Gear Corner – Review of the Polar H7 Heart Rate Sensor with Bluetooth (a.k.a Bluetooth Blues)

I love using Endomondo to track my workouts; that way I only need to carry my Blackberry along on my run (which is nice because it also plays music, and I can even take pictures and/or tweet if I feel like it).  What’s always been missing is heart rate data.  Endomondo has always been able to integrate heart rate data (even if you import from a Garmin), but now that there are Bluetooth HR sensors, it seemed like that might be the way to go.  Just pair the sensor with the smartphone and run.  No problem.

Running Free, one of my favourite retailers for running and triathlon stuff carried one, so I wouldn’t have to pay duty or international shipping fees.  I’ve worked with enough Bluetooth devices to know how finicky they can be.  The entire process can be infuriating, you don’t know which end should be seeking or listening, and you’re never given much to go on as to why devices won’t detect each other, or if they do, they won’t pair.  This device took the cake though; there is no code to enter, no light to indicate what mode it’s in, or even if it’s on.

The instructions merely tell you to wet the appropriate areas, where to put the strap on (just below the chest muscles) and tell you to turn on Bluetooth on your device.  Any trouble connecting and they simply question whether you wet it appropriately.  I tried it with my BlackBerry (Bold 9900) and my (new) iPad and nothing worked.  I contacted Polar to see if they could offer extra steps to take, and they let me know this sensor is only compatible with the iPhone 4S, nothing else.

I checked Running Free’s website and I have to admit the words ‘Compatible With iPhone 4S’ are there right at the bottom of the description box.  Still, I was irked, because the idea of a standard like Bluetooth is to avoid these little proprietary ‘walled gardens’.  I thought ‘ONLY Compatible with…’ would have been the better description for Running Free to use.  I wrote them and told them so, and asked for my money back.  To their credit (and my instore credit) they offered to add $45 to my account; not the full value of the device, which they couldn’t take back.  Which is fair enough – I got to keep it (in case I find a friend with an iPhone 4S who wants a HR sensor) and while the description was a little vague, I can bear a little responsibility for not paying enough attention.  I’m not sure what I’ll spend the money on, but I started trying to build up a wishlist…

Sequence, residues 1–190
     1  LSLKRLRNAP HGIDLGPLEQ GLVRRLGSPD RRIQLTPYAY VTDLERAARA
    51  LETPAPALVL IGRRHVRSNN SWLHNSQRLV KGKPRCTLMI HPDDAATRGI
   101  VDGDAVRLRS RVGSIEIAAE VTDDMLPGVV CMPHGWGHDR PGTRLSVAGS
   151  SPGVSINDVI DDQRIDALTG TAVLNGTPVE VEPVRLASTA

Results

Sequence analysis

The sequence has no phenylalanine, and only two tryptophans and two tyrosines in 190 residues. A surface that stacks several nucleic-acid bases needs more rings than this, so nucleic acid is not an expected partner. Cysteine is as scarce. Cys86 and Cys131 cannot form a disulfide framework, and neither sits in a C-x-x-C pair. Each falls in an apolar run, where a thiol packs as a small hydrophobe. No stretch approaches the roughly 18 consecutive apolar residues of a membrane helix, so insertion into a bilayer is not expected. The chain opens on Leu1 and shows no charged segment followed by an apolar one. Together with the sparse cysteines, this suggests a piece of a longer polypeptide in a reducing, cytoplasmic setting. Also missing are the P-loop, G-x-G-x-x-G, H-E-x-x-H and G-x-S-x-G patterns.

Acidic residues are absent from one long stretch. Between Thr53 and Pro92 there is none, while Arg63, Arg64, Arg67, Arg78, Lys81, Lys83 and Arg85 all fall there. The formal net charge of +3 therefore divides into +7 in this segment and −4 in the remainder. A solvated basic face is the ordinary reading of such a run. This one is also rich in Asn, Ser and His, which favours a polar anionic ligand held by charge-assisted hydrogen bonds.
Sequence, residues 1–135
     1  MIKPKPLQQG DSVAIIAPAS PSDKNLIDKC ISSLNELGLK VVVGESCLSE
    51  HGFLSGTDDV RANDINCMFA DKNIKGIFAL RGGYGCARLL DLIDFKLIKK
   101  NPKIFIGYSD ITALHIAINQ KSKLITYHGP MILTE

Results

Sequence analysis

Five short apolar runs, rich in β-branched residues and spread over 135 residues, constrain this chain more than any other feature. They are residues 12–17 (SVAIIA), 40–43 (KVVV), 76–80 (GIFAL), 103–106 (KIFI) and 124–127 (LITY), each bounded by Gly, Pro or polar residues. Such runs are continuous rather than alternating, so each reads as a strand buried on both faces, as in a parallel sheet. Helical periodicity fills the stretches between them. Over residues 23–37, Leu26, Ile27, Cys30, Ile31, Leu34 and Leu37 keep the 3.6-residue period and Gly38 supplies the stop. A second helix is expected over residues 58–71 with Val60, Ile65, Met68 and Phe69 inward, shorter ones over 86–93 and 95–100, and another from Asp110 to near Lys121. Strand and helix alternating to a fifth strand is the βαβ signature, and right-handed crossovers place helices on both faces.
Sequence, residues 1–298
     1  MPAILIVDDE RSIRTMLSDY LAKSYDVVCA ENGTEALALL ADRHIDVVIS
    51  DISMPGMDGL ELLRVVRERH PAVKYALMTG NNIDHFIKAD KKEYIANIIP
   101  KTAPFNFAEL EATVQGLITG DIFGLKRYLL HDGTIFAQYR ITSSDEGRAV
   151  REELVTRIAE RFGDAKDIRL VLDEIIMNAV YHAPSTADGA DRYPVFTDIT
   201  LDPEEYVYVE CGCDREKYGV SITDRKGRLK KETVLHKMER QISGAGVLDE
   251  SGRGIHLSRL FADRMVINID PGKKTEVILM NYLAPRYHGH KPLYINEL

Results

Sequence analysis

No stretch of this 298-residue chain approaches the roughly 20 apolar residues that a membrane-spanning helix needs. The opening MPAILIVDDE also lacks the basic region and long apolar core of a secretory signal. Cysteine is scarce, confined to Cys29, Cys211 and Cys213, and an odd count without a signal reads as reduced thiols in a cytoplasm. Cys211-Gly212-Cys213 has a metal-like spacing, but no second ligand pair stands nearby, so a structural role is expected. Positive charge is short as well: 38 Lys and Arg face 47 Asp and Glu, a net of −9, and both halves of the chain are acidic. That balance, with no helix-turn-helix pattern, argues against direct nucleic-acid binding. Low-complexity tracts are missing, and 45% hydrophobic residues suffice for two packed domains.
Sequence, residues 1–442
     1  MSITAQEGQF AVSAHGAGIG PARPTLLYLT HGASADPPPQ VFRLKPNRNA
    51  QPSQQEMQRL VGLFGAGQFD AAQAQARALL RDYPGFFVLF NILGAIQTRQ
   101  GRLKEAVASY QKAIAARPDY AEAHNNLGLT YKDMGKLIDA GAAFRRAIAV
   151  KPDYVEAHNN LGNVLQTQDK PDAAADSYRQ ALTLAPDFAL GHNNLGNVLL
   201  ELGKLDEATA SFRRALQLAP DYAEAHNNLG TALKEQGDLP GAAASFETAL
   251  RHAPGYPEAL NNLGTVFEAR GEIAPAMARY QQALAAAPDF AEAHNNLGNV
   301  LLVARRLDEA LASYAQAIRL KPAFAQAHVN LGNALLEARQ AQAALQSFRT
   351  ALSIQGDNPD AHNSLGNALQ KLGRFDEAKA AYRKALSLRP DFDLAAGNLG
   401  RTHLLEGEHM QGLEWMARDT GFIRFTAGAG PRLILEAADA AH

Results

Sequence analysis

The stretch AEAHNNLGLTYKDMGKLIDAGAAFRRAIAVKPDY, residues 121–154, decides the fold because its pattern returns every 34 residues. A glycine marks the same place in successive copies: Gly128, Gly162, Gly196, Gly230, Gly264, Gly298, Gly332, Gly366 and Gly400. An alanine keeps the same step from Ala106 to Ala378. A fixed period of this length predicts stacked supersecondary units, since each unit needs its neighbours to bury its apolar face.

While Bluetooth seems to be widely accepted for hands free stuff in cell phones (and my BT keyboard works well with my iPad), I think there’s still a lot of room for improvement in the world of fitness equipment.     Buyer beware…

3 Replies to “Gear Corner – Review of the Polar H7 Heart Rate Sensor with Bluetooth (a.k.a Bluetooth Blues)”

  1. I get so frustrated when talking to my husband about heart rate straps. I can't believe there are so many different heart straps for every device. Why they can't make one strap that will work for multiple devices is unknown to me. I used a Polar GPS on my bike so wear the HR strap on the bike. I would love to transition to my Garmin for the run without having to switch out straps but it won't work so I run without heart rate. Dumb dumb dumb.

  2. I get so frustrated when talking to my husband about heart rate straps. I can't believe there are so many different heart straps for every device. Why they can't make one strap that will work for multiple devices is unknown to me. I used a Polar GPS on my bike so wear the HR strap on the bike. I would love to transition to my Garmin for the run without having to switch out straps but it won't work so I run without heart rate. Dumb dumb dumb.

  3. I hate to say it, but by buying 2 different devices, you make the business case for these proprietary methods. A standard like Bluetooth however, is made by intenational Engineering groups to avoid these sorts of situations. By using the name and symbol, the manufacturer is meant to be implying that they are compliant with a standard – not just for one device.

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